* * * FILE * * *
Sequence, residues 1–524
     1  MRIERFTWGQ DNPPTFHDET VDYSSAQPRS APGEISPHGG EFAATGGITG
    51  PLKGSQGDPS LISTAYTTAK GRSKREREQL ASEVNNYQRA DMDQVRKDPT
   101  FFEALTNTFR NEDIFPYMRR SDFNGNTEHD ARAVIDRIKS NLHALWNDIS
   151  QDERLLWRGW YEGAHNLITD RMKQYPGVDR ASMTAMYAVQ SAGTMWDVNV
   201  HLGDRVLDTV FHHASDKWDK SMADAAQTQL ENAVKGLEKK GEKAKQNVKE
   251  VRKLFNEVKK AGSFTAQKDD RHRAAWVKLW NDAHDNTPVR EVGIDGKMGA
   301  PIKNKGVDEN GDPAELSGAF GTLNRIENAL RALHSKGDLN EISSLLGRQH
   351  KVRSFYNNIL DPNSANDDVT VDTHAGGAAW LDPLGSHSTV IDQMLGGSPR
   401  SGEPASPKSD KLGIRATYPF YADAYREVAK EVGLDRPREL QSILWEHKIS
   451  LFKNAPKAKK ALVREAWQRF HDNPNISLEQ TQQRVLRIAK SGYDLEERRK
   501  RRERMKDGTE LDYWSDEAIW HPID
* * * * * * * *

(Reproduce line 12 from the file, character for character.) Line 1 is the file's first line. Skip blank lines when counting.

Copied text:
   501  RRERMKDGTE LDYWSDEAIW HPID